Following the costly losses of the first day of the Battle of the Somme, the next Battalion of The Suffolk Regiment were called forward to play their part.
7th Suffolk, who had been behind the lines on 1st July, were rushed forward to support trenches early on the morning of 2nd July. Later that afternoon, the Battalion Commander, Major George Henty, received fresh orders that the Battalion would make a frontal attack against the village of Ovillers at 3.15am the following morning.
In the failing light of a pleasant summer evening, Henty organised his Company commanders to get the men ready for an early attack. Additional ammunition was distributed along with additional gas helmets and picks and shovels. The men fearful, yet outwardly optimistic got what sleep they could.
At 3.05am in the still darkness, an artillery barrage was brought down in front of them in front of 'Usna' Hill; a small rise upon which the German line skirted. Here it hovered, awaiting is followers, before slowly advancing forward towards the German front line. Hard on it's heals went the two leading Company's of 7th Suffolk: 'D' on the right, 'C' on the left. Closely following this creeping barrage, they headed into no-man's-land. These frontal company's were divided into two waves; the first close up behind the barrage, the second about 100 yards back. As the barrage edged closer towards the German front line, it crossed it and continued towards the German second line. The leading men followed it obediently, and so did the second wave. All was going according to plan.
The CO observing this from his dugout, ordered the follow up waves to go forward ten minutes later at 3.15 am and 'B' Company followed the advance of 'D' Company on the right, whilst 'A' Company followed 'C' Company on the left. Unlike their colleagues in the 11th Battalion two days earlier, everything was going well for them. The German third line was reached and it seemed that a breakout was possible. To their right, along the Albert-Bapaume road, 5th Royal Berks had followed 7th Suffolk and were reaching the south of the village of La Boiselle.
Seizing the initiative, the CO ordered them to press on. In the darkness, the leading Company's went to ground in the German third line, and set about securing the position and consolidating it. Elements, then pressed on ahead into the village of Ovillers itself. Believing that the supporting waves would be there soon, those in front
Such had been the speed of their advance that in the briefest possible time, between the leading Suffolk Company's crossing the German second line, and reaching the third, the Germans had managed to get back into the second line in force and were able to fire on not only the leading waves in their third line, but the advancing support troops coming to support them. In the darkness, it was now all going wrong.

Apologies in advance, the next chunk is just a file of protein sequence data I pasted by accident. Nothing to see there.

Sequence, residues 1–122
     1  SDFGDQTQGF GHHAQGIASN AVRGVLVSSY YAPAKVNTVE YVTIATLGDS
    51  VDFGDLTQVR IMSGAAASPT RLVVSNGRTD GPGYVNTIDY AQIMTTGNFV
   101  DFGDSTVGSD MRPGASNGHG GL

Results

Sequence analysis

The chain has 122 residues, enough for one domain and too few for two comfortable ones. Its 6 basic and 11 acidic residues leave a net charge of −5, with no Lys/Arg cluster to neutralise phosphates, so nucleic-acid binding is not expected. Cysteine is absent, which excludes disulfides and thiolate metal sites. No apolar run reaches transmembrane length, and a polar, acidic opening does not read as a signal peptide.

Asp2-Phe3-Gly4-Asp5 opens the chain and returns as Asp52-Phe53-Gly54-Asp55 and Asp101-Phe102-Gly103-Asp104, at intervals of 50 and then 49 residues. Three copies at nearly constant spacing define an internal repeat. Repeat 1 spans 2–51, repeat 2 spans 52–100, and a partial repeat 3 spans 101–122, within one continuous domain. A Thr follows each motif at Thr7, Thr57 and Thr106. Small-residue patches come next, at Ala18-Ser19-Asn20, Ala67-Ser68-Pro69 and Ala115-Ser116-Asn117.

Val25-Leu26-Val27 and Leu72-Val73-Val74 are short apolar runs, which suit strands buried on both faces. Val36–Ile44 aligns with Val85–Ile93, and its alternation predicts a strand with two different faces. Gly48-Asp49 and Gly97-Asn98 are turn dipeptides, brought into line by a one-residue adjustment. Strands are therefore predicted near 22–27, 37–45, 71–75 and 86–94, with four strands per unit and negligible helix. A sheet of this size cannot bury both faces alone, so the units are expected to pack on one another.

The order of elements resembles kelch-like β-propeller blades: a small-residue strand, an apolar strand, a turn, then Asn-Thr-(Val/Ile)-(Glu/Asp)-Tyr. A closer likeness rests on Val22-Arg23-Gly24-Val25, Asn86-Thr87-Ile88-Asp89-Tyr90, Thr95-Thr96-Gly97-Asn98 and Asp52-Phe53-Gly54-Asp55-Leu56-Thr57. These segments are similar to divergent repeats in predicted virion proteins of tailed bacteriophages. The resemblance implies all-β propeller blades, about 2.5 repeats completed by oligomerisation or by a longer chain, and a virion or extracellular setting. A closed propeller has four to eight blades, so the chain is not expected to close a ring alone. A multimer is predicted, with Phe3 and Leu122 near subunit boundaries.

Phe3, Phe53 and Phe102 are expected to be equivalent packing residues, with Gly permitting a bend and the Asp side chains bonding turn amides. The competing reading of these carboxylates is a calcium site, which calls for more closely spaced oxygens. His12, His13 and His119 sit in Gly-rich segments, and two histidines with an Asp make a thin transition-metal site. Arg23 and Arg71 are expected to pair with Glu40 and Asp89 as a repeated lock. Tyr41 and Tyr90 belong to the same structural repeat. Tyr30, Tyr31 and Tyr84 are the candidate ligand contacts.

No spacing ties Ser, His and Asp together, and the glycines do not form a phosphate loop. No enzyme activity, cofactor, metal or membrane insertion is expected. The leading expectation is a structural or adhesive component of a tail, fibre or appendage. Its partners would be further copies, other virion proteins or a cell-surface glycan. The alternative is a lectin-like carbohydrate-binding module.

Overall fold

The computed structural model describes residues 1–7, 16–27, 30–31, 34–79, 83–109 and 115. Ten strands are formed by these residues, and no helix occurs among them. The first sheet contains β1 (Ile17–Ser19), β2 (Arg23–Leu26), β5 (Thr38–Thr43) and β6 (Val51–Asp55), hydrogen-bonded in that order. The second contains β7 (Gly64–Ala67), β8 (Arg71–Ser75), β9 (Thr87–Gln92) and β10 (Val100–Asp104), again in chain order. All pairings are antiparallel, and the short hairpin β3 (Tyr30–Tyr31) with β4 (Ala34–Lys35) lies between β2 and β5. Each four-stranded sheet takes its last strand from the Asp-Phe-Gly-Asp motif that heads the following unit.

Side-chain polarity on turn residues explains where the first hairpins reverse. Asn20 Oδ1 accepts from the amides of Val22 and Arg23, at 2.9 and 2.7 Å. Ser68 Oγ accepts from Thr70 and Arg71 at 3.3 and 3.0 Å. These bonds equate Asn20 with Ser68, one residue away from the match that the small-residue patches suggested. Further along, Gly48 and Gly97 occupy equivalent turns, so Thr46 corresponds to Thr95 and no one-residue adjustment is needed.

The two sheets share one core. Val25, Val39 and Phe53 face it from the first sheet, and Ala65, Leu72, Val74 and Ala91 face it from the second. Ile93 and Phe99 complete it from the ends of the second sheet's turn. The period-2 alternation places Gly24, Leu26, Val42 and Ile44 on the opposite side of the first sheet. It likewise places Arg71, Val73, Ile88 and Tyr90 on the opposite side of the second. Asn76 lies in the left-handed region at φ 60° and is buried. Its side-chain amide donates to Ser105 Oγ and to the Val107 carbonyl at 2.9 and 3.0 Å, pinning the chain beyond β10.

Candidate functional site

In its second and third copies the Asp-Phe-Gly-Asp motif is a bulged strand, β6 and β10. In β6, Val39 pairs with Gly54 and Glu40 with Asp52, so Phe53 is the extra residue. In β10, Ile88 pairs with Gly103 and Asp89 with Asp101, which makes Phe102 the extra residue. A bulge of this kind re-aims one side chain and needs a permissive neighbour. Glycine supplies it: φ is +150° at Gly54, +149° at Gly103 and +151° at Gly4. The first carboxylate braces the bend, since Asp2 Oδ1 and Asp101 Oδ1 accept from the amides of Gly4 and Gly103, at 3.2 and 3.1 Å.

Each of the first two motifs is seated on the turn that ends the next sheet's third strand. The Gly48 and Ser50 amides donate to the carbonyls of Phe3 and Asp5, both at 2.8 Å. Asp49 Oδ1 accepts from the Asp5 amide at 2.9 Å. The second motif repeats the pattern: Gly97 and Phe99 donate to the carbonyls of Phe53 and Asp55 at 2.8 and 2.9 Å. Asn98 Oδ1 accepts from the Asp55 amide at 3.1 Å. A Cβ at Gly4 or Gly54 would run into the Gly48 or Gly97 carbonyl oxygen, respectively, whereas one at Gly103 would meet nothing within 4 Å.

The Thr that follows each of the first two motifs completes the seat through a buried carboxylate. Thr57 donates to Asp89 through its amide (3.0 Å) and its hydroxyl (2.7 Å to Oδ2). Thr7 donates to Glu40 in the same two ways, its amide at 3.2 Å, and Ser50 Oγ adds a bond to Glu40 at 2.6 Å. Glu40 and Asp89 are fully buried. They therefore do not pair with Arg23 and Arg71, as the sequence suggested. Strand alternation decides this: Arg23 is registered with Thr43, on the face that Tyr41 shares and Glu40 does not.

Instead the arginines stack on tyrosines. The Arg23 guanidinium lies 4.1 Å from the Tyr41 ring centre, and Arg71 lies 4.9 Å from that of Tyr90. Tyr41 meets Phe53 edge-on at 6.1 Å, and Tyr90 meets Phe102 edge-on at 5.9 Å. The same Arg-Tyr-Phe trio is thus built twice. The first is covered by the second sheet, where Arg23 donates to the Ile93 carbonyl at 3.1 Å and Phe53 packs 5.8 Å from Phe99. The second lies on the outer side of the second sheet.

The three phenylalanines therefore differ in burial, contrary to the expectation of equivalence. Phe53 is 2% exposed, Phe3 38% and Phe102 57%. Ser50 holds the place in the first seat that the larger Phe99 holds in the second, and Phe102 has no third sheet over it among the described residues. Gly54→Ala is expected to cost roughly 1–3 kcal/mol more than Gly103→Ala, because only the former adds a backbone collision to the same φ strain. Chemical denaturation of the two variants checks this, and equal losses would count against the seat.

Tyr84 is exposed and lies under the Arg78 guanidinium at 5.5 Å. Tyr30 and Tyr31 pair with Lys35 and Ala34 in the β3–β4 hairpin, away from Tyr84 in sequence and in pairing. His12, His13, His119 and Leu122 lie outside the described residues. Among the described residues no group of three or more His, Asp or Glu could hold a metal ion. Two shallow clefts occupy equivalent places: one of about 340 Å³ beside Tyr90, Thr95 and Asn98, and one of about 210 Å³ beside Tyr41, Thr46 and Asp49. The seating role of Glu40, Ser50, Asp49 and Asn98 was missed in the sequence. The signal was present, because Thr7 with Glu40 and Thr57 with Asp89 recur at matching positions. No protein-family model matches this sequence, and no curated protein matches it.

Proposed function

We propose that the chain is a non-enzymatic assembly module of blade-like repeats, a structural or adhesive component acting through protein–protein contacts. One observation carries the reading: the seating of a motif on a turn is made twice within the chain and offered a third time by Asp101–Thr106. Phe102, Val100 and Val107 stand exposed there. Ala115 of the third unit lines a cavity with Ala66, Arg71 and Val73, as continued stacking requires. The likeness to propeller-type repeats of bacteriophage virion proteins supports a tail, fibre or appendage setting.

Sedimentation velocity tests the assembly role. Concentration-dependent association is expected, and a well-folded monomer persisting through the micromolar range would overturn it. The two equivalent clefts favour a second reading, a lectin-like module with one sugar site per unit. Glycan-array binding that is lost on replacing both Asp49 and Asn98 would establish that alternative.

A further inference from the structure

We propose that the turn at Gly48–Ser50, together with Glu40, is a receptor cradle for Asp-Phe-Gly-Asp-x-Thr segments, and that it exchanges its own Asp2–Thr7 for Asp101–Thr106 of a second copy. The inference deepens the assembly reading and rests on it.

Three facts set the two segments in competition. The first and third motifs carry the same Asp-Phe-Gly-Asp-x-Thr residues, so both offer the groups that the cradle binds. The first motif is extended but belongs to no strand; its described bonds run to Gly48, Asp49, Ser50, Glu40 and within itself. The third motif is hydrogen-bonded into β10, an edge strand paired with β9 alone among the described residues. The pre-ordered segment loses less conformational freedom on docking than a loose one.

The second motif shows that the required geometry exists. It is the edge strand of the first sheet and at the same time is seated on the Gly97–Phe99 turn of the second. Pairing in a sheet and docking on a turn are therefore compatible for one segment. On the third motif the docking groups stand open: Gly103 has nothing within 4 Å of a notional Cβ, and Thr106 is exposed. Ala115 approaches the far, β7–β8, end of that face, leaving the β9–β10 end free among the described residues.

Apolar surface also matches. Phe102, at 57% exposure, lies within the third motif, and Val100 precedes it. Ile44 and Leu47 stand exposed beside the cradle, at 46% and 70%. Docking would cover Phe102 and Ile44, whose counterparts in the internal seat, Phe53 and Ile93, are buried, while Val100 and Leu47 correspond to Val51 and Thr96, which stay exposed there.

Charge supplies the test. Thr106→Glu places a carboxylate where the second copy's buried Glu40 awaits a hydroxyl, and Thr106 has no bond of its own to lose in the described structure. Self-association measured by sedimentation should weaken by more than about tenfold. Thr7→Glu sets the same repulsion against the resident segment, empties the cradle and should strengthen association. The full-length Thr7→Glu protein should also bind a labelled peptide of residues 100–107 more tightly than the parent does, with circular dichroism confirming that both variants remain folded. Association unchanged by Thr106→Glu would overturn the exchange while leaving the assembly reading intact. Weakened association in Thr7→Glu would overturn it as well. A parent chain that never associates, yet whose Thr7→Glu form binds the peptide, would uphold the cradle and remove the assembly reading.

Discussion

"It was at this 3rd German line" wrote the Adjutant in the Battalion war diary "that the chief casualties occurred and the assault was brought to a standstill. The two companies of the Essex Regt. moving up in support were too far behind and were practically annihilated by machine gun fire during their advance across the open." As the dawn broke, the horror of the situation unfolded in front of Major Henty. His men lay dead and wounded as far as the eye could see and he had no idea of just how many had reached the village and may have be cornered there.
For an attack that started well, one might say almost 'textbook' it had once again descended into disaster. The enthusiasm of the men to get on was regretfully their downfall. Like the 9th Battalion at Loos the year before, command and control was essential and with the benefit of hindsight, the advance should have halted at the German second line and consolidated there.
The Battaion suffered 18 officers and 458 other ranks, killed wounded or missing, although over the next 24 hours, many of those feared lost, filtered back into the Suffolk lines. For a Battalion that had shown such gallantry when attacking the 'Hairpin' 10 months earlier, it was a crushing blow to morale.
Thomas Edward Soloman Sharman was one of those killed in the attack against Ovillers that morning. A native of Lowestoft, he left behind a wife and three children. He was 27 years old. Before he went to France with the Battalion in 1915, he and his family had their photographs taken in a studio in Lowestoft. Thomas carried these photos with him whilst away on active service, whilst his wife had a second set at home. Thomas's body was never found.
With thanks to the Roll of Honour website for the image of Thomas Sharman.
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